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DeviceI’ve been a listener, collector and player of music for decades. Like most people, I have distinct phases of fandom that have come and gone over the years. One in particular is a love of punk rock. That flame still burns hot. Not surprisingly, I’ve listened to the Sex Pistols quite a bit and it turns out that they’ve been present during some pretty key creative moments in my life so far:

1. Having a bass guitar thrust into my hands during a friend’s high school punk band practice was an epiphany. After a quick lesson of where to press my fingers, I was playing! I don’t remember exactly which song that was, but they were playing Sex Pistols covers that day. This is an important moment in my life because I already believed in the Independent/DIY (Do It Yourself) ethos, but hadn’t realized exactly how it manifested in music. This was the day it all became clear how so many people were able to pick up instruments and make up songs whether they “knew how to play” or not and truly do it themselves.

2. A few years later, after forming my first punk band – Suspect Device (named after the Naked Raygun cover of the Stiff Little Fingers classic), with a few friends, we had the opportunity to open for Jack The Lad, a veteran Atlanta, GA, punk band that I had been a fan of for years already. I was so excited to be playing on the same stage as some of my heroes. After the show, I talked to the singer (whose name was not Jack) and he told me how much he liked our set and that it reminded him of “the Pistols”. We didn’t sound like “the Pistols” at all, but the fact that he liked us and mentioned us in the same sentence with legends was a real confidence booster. The Pistols song in the set that night was Holidays In The Sun.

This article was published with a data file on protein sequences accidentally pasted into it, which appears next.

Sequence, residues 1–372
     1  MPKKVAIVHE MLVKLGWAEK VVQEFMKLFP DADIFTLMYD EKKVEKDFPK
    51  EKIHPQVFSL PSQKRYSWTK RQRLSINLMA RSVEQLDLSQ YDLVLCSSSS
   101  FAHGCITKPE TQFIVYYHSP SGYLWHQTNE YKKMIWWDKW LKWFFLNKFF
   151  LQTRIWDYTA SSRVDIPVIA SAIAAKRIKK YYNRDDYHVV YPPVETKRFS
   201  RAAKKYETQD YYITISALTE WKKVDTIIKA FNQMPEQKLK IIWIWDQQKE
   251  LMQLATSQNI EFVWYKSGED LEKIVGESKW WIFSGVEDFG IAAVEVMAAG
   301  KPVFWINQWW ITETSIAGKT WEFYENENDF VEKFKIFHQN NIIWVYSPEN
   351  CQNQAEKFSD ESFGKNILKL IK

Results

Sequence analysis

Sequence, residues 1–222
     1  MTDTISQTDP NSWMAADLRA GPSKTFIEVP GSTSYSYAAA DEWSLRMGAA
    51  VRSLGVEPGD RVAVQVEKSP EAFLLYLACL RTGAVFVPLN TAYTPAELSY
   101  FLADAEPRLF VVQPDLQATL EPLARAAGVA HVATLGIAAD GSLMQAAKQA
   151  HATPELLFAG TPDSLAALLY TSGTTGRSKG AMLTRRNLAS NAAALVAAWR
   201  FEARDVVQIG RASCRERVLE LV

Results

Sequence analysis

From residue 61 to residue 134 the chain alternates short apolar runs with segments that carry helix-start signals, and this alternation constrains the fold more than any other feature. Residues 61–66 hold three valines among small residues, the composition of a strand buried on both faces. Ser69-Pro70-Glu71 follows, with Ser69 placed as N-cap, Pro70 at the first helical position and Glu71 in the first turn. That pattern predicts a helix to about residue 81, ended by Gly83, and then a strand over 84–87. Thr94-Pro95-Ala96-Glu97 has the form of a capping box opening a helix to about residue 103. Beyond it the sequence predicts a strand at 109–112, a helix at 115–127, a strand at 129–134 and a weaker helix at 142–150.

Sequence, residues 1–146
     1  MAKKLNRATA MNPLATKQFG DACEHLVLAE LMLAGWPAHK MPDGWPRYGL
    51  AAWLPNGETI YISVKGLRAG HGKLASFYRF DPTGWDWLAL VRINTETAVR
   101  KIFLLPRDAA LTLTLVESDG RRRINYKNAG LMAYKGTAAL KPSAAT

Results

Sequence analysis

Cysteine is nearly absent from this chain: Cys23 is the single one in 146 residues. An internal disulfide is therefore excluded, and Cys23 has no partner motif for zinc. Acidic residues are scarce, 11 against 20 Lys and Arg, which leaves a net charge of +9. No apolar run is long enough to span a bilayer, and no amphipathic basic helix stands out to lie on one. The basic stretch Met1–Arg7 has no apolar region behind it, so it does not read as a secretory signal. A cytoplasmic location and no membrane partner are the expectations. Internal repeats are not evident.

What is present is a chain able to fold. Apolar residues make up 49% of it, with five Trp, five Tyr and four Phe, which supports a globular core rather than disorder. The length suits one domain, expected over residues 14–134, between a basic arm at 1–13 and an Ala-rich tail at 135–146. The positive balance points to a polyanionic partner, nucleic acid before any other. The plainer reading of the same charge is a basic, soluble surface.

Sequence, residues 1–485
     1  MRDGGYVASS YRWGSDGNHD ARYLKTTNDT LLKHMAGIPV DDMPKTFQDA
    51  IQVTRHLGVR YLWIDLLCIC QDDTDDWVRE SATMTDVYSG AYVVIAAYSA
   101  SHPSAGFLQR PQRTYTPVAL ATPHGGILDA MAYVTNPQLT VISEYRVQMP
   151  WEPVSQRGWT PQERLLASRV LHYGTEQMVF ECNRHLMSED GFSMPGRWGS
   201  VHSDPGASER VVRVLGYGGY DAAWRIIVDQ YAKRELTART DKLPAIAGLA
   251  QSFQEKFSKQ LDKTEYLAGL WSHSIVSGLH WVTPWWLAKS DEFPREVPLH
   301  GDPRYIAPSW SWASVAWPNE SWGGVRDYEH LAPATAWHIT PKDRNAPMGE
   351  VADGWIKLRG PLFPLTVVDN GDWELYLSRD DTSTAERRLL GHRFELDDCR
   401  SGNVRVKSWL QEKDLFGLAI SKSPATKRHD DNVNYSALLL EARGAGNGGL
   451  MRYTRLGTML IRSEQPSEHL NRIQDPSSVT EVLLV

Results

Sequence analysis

Never Mind3. When it came time for the Sex Pistols to break out and tour America, their manager came up with the strange, but semi-brilliant idea to have them play at out of the ordinary venues in out of the ordinary cities as a way to garner press because of the sure to be had controversies along the way. In January 1978, Atlanta, GA was definitely out of the ordinary as a city for the norm-shattering Sex Pistols to begin a tour. I’ve always been proud of the fact that my hometown was ground zero for such a cataclysmic event and have had the great pleasure of knowing people who were there at The Great Southeast Music Hall when it all went down. This was a sign, even in heavily conservative Georgia, that independent thought, spirit, and energy was alive and well. Not that many years later, I was going to see concerts in different clubs and venues around Atlanta, which continued to further the idea that being different is cool.

4. Fast Forward to 2018 and the decision for my wife and I to move across the country to the Bay Area of Northern California. While we don’t live in San Francisco proper, just a few short weeks after the Sex Pistols began their American tour, the band broke up abruptly after a full set and one song encore at the Winterland Ballroom in SF. The important part here is that Johnny Rotten “felt cheated” and decided there was nothing to do but quit. It was time to stop and change directions. It was time to do something different. That’s how we felt when the idea of moving to California came up. As two Georgia natives, we decided it was time for a change. It was time to do something different. And it was one of the best decisions of my life.

WinterlandThese instances are examples of how, when and where my development as an independent thinker/creator/maker and professional creative occurred. Influences that have always resonated with me the most are those who come up with crazy ideas and actually try them out. I love people who are not afraid of criticism, who are not afraid to be different and who are willing to try something new.

-Jon Milavec